Oakland Center for the Arts leaves longtime home in the Morley Building, cancels season

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The Morley Building in downtown Youngstown is losing the Oakland Center for the Arts as a tenant. The struggling theater company has been producing plays in the building since 1999.




The Oakland Center for the Arts has left its longtime home in the Morley Building downtown, and canceled the rest of its season, as well as the 2015-16 season.

Officials at the struggling theater company, however, say the theater is not defunct and plans to resume producing plays in the 2016-17 season.

The Oakland had been barely active this season, presenting only movie screenings and other one-night events. The only theatrical production on its schedule was the play “Extremities,” which was set to open March 20. It is now canceled.

The Oakland — long known for its edgy, often adult-oriented fare — had fallen upon hard times in recent years. It shares the same challenges faced by community theaters across the country: declining ticket sales and a sharp decrease in grants and other funding.

Founded in 1986, the Oakland had been in the Morley Building, 220 W. Boardman St., since 1999 as a tenant. The Morley is owned and operated by Ballet Western Reserve.

Mary James, president of the Oakland board of directors, told the Ballet Western Reserve board Tuesday night that the theater company was leaving the building.

“Ballet Western Reserve and the Oakland Center of the Arts have mutually agreed to end their landlord-tenant relationship,” said Sabrina Shapiro, president of the BWR board of directors. “Ballet Western Reserve wishes them the best and hopes to be able to collaborate in the future.”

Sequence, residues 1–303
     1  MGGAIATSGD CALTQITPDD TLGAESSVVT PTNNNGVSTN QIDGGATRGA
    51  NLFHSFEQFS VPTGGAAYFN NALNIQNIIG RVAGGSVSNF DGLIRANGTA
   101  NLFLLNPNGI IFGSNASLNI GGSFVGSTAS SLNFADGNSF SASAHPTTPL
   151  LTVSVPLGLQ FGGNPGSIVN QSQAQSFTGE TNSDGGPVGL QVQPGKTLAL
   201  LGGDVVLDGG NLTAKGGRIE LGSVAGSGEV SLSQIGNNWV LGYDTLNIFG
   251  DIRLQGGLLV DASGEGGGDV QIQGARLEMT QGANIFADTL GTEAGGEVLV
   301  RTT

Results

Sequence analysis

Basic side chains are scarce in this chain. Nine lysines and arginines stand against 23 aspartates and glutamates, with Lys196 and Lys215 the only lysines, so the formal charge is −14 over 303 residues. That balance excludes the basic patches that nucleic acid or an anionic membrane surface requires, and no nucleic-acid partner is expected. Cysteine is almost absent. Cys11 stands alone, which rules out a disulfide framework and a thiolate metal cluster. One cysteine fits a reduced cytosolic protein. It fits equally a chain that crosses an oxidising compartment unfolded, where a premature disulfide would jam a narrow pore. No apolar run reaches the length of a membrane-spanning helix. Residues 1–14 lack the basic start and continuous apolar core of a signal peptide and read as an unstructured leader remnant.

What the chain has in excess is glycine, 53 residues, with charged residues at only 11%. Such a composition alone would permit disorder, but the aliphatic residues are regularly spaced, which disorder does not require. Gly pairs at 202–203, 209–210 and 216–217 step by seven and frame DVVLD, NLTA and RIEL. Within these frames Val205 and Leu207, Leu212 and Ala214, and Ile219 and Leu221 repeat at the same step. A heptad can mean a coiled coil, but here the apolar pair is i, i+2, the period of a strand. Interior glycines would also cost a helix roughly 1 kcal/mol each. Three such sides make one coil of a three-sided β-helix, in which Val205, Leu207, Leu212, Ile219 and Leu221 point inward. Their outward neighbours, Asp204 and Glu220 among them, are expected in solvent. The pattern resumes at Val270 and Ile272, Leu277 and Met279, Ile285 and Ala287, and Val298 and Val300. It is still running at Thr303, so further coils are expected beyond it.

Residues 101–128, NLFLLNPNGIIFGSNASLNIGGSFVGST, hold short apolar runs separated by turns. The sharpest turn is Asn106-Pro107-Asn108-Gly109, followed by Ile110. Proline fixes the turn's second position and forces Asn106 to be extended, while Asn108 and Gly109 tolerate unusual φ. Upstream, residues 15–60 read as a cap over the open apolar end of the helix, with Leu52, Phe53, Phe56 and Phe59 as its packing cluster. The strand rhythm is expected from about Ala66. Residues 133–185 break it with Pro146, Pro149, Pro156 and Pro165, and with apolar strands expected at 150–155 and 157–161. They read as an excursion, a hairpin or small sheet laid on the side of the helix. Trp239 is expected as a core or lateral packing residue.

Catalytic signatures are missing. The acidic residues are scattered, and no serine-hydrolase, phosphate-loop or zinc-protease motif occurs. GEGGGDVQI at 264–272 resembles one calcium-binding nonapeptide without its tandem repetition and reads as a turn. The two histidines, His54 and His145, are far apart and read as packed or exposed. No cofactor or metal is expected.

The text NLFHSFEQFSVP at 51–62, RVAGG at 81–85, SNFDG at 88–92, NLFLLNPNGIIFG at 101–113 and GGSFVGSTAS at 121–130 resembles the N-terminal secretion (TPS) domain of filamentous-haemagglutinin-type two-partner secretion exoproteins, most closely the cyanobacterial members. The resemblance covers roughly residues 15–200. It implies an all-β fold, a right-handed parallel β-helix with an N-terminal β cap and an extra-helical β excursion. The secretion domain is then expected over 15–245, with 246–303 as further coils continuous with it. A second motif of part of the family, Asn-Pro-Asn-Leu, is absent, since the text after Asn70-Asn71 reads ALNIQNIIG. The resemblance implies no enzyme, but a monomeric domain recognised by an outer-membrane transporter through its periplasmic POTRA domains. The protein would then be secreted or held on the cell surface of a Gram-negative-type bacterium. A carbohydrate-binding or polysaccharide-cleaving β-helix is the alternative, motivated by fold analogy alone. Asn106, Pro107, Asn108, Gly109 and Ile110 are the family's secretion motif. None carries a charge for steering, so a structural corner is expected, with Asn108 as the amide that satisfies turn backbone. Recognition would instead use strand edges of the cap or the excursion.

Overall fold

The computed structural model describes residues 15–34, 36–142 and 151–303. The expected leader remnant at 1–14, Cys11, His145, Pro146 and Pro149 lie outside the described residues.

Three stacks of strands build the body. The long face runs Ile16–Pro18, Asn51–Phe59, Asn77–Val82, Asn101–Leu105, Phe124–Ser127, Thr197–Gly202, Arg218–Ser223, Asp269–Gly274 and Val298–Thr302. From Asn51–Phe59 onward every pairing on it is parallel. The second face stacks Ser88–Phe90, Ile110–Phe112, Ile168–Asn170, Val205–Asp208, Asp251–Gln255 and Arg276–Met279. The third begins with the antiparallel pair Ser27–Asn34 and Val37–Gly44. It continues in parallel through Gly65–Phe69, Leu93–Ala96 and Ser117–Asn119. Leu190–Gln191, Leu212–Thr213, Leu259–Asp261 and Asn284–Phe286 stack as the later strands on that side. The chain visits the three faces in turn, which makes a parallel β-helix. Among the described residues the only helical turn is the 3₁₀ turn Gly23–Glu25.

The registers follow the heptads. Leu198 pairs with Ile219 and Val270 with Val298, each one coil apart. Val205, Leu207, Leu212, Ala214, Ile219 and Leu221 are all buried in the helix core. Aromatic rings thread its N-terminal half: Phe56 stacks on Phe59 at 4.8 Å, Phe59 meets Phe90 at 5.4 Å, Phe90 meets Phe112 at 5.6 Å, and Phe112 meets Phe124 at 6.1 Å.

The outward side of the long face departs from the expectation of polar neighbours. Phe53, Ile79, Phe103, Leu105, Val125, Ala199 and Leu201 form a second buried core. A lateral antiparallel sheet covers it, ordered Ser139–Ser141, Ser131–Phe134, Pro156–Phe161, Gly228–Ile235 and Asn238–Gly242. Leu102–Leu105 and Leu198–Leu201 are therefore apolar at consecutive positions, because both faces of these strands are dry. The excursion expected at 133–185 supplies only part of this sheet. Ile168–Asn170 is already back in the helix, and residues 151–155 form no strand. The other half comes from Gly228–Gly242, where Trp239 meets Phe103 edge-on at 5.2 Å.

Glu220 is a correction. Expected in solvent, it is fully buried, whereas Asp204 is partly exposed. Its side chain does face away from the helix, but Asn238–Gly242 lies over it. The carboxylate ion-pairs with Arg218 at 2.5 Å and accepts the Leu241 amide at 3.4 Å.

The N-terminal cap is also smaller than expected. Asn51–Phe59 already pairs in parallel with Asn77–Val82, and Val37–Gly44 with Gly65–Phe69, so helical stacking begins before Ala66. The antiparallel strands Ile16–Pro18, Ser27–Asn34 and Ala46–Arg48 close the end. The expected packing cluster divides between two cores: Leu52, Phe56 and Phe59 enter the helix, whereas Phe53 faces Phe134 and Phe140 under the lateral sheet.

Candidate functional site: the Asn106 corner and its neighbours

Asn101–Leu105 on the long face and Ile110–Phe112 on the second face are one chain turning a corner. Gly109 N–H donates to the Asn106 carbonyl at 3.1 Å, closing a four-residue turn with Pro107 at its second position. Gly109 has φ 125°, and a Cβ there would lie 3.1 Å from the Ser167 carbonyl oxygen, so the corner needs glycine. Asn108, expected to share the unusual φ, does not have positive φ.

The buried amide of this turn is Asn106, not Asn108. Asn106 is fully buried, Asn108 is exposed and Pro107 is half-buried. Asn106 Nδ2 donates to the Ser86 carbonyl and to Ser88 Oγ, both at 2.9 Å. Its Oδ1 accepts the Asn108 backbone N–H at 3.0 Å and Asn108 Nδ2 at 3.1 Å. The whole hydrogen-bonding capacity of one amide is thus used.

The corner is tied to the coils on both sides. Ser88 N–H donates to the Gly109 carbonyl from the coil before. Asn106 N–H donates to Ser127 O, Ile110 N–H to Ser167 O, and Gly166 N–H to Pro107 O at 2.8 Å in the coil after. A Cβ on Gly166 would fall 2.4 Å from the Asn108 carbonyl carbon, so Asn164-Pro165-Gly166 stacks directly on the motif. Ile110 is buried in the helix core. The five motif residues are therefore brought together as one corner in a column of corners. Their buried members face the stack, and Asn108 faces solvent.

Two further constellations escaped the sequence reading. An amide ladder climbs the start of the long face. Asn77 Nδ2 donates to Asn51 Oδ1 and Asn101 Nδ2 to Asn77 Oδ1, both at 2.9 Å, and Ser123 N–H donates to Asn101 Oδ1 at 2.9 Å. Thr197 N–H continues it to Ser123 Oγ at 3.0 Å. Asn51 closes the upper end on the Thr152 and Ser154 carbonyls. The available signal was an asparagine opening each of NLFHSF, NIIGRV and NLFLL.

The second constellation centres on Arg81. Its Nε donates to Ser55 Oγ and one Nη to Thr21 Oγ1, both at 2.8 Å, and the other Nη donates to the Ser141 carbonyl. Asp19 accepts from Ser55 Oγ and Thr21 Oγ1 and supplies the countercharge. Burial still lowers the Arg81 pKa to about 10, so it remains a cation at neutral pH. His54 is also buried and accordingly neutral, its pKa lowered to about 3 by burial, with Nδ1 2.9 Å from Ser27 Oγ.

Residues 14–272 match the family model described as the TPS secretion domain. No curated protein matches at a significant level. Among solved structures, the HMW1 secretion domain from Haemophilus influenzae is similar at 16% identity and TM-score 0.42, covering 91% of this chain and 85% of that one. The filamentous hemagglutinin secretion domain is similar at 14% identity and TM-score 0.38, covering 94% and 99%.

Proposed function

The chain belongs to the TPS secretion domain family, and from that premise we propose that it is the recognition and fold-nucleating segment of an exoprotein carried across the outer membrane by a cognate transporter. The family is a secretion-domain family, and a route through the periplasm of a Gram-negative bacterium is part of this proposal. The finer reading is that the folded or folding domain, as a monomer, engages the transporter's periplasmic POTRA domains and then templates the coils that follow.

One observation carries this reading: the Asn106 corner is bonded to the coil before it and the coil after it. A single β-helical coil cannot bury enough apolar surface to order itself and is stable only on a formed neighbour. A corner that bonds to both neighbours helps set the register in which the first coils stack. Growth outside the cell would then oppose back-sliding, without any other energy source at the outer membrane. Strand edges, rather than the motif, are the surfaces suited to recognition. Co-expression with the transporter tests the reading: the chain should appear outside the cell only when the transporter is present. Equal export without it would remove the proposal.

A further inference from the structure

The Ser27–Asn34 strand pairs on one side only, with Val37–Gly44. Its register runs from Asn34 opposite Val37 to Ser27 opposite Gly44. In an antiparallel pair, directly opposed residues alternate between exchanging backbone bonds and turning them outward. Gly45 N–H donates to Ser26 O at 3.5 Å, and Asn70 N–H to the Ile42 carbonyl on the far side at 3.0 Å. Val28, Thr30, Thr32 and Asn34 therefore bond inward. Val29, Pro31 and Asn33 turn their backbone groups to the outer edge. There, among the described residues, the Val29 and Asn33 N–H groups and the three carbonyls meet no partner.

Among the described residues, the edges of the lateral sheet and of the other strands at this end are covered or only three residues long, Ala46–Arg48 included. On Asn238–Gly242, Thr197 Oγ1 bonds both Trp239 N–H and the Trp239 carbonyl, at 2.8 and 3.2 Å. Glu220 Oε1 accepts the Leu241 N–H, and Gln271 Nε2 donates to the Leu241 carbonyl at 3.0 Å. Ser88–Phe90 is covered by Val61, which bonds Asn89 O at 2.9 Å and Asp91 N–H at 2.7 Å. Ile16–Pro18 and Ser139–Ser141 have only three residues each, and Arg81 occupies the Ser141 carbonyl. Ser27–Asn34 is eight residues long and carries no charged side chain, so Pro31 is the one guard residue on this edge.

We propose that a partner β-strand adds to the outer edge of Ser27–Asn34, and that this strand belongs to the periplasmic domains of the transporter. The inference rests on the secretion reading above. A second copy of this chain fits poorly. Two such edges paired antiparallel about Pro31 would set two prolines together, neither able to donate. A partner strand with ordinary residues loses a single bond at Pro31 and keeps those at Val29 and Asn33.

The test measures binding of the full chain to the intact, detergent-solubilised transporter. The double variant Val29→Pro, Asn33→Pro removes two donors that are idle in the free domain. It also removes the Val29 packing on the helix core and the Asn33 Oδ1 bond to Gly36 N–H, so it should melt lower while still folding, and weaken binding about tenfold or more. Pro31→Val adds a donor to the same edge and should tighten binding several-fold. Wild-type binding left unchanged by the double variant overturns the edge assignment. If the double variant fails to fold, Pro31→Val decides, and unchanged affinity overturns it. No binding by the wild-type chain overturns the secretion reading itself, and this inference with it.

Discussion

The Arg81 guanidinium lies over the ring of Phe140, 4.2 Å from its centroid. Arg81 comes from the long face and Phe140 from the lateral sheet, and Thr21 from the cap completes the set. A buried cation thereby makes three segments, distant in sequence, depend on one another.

Shapiro said that groups interested in renting the space formerly occupied by the Oakland on the third floor of the Morley Building can inquire by calling the BWR at 330-744-1934. The former Oakland space includes a lobby that was used as an art gallery and an auditorium with about 120 fixed seats on an inclined platform.

Oakland board member Amy Banks stressed that the theater has not met a permanent demise.

“The Oakland is not shutting down, and we will have some exciting news to share hopefully very soon,” she said.

James affirmed that the theater intends to come back — but at a new location.

“We are not dissolving,” said James. “It’s just no longer feasible for us to remain at the Morley Building.”

The decision to end the rental contract came up suddenly and was a mutual one between the Oakland and Ballet Western Reserve, said James, adding that there is no ill will between the two organizations.

The Oakland’s financial struggle became serious over the past three or four years.

“There has been declining interest in the theater,” said James. “It’s been mounting.”

After the board has a chance to assess its situation, it will announce plans for a comeback.

“We haven’t had enough time to put together a plan,” said James.

“We don’t have anything hammered out [on where the theater will relocate]. My biggest concern right now is getting more people involved, so there is more support for it. We’re trying not to let a theater that has been around for more than 25 years go under.”

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